Date of this Version
Published in Personnel Psychology 64:2 (Summer 2011), pp 427–450. doi 10.1111/j.1744-6570.2011.01215.x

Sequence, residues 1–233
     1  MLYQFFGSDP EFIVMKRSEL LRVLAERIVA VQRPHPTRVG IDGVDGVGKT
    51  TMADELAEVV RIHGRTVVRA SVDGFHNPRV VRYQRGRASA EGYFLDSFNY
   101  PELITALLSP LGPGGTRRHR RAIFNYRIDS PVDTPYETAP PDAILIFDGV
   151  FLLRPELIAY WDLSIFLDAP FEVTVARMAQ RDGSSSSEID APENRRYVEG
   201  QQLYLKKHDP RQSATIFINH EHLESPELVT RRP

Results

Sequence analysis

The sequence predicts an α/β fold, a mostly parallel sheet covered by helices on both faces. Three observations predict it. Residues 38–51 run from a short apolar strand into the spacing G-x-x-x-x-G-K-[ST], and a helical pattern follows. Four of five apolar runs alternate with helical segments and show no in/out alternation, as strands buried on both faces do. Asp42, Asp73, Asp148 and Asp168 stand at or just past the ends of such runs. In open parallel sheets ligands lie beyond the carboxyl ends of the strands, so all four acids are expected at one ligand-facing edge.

The positive core construct of psychological capital (consisting of efficacy, hope, optimism, and resilience) has been conceptually and empirically demonstrated to be related to employee performance. However, much of this work has relied on cross-sectional designs to examine these relationships. This study utilizes longitudinal data from a large financial service organization (N = 179 financial advisory-type employees) to examine withinindividual change in psychological capital over time and if this change relates to their change in performance. Latent growth modeling analyses revealed statistically significant within-individual change in psychological capital over time, and that this change in psychological capital was related to change in 2 types of performance outcomes (supervisor- rated performance and financial performance, i.e., individual sales revenue). Moreover, results of an exploratory cross-lagged panel analysis suggested a causal relationship such that prior psychological capital leads to subsequent performance rather than vice versa. Taken together, these results highlight the impact employees’ psychological capital may have on their subjectively and objectively measured performance over time and offer evidence-based practical guidelines for human resource selection, development, and performance management.